Can real estate transition funds get older buildings up to scratch?

Retrofitting momentum is increasing but there’s a long road ahead for brown-to-green building transitions

February 29, 2024

More real estate transition funds are emerging around the world, aiming to transform an abundance of older, energy inefficient buildings into sustainable spaces.

Several major fund managers, including France’s Ardian and Swiss-based Empira Group, have raised, or are currently raising capital. Their focus is on retrofitting and refurbishing commercial and residential real estate as the race to decarbonize buildings, which account for 40% of global carbon emissions, accelerates.

“There’s clearly growing investor appetite for real estate transition strategies as they recognize the financial, environmental and social benefits in making buildings more sustainable,” says Nidhi Baiswar, Senior Director, Global Sustainability and Climate Leadership at JLL. “These transition funds are successfully raising capital but it’s early days as we wait to see exactly how and where capital, which is mainly value-add and opportunistic, is deployed.”

Many markets around the world are currently struggling with an imbalance between supply of, and demand for, sustainable buildings. Tenants, largely driven by their own ambitious carbon reduction goals, want spaces that support their progress and demonstrate proof of commitment to employees, shareholders and customers.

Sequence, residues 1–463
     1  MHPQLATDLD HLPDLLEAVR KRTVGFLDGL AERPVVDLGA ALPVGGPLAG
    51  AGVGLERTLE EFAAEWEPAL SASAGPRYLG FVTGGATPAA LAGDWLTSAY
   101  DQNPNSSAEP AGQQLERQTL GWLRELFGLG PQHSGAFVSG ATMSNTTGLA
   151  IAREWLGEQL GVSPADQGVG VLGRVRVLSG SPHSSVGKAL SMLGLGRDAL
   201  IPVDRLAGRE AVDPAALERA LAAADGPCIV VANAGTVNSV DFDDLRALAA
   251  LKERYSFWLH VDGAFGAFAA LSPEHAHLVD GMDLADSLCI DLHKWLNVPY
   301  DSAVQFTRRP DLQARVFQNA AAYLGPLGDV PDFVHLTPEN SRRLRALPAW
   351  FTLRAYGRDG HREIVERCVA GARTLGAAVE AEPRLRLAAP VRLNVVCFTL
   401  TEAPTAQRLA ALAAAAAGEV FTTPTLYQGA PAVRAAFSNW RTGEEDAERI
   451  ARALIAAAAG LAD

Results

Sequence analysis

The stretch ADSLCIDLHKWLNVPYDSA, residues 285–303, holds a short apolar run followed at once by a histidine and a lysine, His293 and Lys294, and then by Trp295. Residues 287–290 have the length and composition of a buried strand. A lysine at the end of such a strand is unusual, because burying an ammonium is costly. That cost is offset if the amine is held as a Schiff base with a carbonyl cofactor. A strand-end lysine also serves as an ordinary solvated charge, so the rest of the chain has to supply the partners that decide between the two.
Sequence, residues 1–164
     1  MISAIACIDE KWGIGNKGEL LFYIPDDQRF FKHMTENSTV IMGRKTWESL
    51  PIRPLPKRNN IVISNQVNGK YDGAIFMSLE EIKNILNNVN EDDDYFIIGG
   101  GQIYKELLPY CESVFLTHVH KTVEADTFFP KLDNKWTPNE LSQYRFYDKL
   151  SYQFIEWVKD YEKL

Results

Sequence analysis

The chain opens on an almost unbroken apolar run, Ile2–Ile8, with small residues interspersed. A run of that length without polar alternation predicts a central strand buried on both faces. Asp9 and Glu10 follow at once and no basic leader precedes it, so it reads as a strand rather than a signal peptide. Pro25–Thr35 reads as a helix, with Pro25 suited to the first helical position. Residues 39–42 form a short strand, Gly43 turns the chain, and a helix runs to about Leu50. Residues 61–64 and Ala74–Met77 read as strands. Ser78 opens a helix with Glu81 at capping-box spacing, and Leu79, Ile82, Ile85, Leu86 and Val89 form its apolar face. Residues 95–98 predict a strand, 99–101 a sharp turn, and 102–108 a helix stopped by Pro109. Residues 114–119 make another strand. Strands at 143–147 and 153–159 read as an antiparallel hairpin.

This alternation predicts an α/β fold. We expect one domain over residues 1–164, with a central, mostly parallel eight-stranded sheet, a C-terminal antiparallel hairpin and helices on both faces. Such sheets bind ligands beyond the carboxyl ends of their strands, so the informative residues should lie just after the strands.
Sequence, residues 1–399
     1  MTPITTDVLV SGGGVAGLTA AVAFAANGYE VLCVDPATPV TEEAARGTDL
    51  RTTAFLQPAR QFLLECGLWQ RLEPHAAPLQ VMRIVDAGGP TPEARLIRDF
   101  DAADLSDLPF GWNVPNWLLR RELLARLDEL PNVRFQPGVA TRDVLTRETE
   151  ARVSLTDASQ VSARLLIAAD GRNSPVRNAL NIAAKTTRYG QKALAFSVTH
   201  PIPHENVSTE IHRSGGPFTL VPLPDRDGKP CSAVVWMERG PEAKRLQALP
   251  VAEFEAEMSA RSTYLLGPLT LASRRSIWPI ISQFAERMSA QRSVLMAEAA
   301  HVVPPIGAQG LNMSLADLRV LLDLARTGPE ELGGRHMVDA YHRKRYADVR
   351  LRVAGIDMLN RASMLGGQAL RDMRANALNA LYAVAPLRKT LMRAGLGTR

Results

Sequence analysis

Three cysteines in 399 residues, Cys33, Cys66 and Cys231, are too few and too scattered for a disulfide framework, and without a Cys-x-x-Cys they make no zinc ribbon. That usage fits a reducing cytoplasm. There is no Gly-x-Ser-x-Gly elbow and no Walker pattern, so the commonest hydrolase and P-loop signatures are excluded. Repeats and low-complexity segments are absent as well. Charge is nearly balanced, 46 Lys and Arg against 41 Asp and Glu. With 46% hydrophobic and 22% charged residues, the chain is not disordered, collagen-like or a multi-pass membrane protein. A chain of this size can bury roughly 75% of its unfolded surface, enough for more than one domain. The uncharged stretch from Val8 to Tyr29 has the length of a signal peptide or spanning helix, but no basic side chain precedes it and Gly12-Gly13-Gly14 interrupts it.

Investors are increasingly taking note. According to JLL’s 2024 UK Capital Markets Outlook, 50% of investors said occupier requirements are one of the biggest ESG drivers behind decisions to buy or bid on an asset.

Yet JLL research across 20 major global office markets also shows that only 34% of future demand for low carbon workspace will be met in the next several years.

For buildings that do currently meet the grade on sustainability credentials, JLL calculates that green premiums on rents currently range from around 7% in US cities, to just under 10% in APAC and over 11% in London. 


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Looking beyond prime

While much tenant demand is focused on large spaces in prime locations, much of the action within the growing transition funds market is, for now, eyeing smaller properties in well-connected urban areas. Non-core assets offer an opportunity to demonstrate early successes to investors before scaling up to consider larger, more ambitious projects, Baiswar says.

High vacancy is creating a “blank canvas” for redevelopment of offices, currently the sector going through the most upheaval. But other sectors also offer transition opportunities.

“Office vacancy has of course created an opening for developers – it’s a pretty unique moment in that sense. But we’re seeing transition opportunities across the board, from industrial properties, where there are often helpful long-term owner/tenant relationships in place, to retail parks and multi-let residential,” says Baiswar.

“And some of the transition funds out there right now are highly sector agnostic – broadening their investment horizons to multiple sectors, like proptech and infrastructure alongside real estate.”